Increase Academic Freedom by connecting to Israeli Universities

Mandy Zheng/Staff

UC Berkeley is not only one of the most respected institutions of higher learning but the standard bearer of the Free Speech Movement. We should expect the debates at the ASUC to confirm this legacy and call out those who would undermine our fine traditions. During the recent conversation about the ASUC Senate bill supporting academic collaboration with Israeli universities, we have fallen short thanks to the Boycott, Divestment and Sanctions movement that thrives on the intimidation of critics and the advancement of propaganda masquerading as facts. We deserve better.

The BDS movement’s exclusive focus on Palestinians in the West Bank and Gaza requires ignoring the Palestinians who have been living as full citizens in Israel proper for generations, known as Israeli Arabs. The loyalty to this strictly anti-Israel ideology, furthermore, would also necessitate an acceptance of how Palestinians have been treated by the likes of Bashar Assad in Syria, who has carpet bombed the Palestinian Yarmouk Refugee Camp, killing thousands of civilians and forcing tens of thousands more to flee. Or, take Jordan’s King Hussein, the current king’s father, who killed more Palestinians on Black September from 1970-71 than have been killed during Israel’s entire occupation of the West Bank and Gaza.  Jordan’s population is more than half Palestinian, yet the country is run by a Hashemite monarchy that provides few rights to the majority-Palestinian population. Where are the academic boycotts or protests against the University of California Education Abroad Program in Amman, Jordan?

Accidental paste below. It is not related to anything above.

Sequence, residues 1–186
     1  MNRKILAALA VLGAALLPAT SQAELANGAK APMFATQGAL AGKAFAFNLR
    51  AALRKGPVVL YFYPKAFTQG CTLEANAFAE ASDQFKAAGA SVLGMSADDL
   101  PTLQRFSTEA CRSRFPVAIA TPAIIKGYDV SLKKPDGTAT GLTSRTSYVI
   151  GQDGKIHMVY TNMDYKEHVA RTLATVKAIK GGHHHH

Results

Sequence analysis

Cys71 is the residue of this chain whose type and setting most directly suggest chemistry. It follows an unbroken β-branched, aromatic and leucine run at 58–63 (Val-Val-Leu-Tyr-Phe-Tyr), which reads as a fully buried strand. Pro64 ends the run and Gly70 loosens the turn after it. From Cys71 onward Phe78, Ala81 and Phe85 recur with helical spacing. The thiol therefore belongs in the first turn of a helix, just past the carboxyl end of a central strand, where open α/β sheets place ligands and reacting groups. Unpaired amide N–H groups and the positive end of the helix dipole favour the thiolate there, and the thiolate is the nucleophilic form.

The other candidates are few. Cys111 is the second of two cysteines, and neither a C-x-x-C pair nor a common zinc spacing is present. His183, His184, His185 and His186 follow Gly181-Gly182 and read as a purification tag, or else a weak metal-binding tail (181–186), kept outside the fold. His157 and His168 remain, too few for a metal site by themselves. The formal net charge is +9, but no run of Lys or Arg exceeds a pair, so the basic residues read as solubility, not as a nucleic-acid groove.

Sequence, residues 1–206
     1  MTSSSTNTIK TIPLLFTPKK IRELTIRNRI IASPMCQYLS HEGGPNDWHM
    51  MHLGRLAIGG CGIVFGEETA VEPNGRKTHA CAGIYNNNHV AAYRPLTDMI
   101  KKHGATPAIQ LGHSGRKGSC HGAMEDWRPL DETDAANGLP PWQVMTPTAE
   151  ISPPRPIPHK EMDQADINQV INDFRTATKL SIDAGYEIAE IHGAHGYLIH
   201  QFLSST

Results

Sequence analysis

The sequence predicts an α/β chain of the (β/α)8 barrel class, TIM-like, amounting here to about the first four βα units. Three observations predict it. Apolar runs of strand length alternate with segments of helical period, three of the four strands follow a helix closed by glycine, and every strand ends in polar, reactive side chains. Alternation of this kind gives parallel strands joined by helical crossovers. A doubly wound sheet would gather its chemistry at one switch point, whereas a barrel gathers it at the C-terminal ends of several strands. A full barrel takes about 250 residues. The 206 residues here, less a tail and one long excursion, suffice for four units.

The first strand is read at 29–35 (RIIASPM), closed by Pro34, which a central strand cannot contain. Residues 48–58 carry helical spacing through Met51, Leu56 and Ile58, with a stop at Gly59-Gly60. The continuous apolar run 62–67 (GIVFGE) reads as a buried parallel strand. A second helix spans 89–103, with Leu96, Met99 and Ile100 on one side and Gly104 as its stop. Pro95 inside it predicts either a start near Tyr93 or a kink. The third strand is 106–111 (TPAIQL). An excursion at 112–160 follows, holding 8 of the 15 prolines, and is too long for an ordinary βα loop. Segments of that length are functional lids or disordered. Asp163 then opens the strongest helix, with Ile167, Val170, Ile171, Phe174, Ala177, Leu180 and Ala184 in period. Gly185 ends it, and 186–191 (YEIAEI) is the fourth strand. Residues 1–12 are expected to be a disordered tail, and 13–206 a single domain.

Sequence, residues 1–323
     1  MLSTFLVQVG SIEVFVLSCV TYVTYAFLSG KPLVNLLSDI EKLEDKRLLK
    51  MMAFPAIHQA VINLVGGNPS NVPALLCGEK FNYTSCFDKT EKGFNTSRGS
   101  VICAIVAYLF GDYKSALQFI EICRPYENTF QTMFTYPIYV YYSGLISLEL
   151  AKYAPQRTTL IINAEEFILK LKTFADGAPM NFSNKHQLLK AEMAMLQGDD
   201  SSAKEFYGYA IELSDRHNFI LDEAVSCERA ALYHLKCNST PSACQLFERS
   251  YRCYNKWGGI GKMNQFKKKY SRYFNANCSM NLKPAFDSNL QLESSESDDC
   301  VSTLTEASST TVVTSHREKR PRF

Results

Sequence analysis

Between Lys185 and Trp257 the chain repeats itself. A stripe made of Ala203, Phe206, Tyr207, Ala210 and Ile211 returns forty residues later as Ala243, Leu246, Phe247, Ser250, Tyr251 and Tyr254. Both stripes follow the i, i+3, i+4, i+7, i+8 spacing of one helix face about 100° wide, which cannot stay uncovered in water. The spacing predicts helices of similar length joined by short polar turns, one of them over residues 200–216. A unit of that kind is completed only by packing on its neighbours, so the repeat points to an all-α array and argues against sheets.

Israel certainly bears responsibility for the real and legitimate challenges accompanying its occupation of the West Bank and Gaza. Israel, furthermore, holds itself to a far higher standard than these dictators, as showcased by its daily cooperation with the Palestinian Authority in the West Bank and the hundreds of thousands of Palestinians who commute to Israel each day for work. This has prompted even far-left-leaning columnist Roger Cohen in the New York Times to oppose the BDS movement “because (he does) not trust it.” Cohen correctly wonders how the BDS movement can claim it is working on behalf of the Palestinian cause when it advances policies that would end Israel, which he believes to be the movement’s goal.

All those who consider themselves supporters of Israel, the Palestinians and a two-state solution should be united in opposing an academic boycott of Israeli universities. The irony of this boycott is that it hurts Palestinians. Israeli Arabs make up about 20 percent of Israel’s population and have equal rights under the law. Moreover, they represent about 11 percent of the student populations of the very Israeli universities singled out for protest. This actually makes Israel, in most cases, far better than UC Berkeley when it comes to the student populations of underrepresented minorities. Unlike many universities across the Middle East, Israeli academic institutions are egalitarian bastions of free speech, freedom of religion and academic opportunity for all.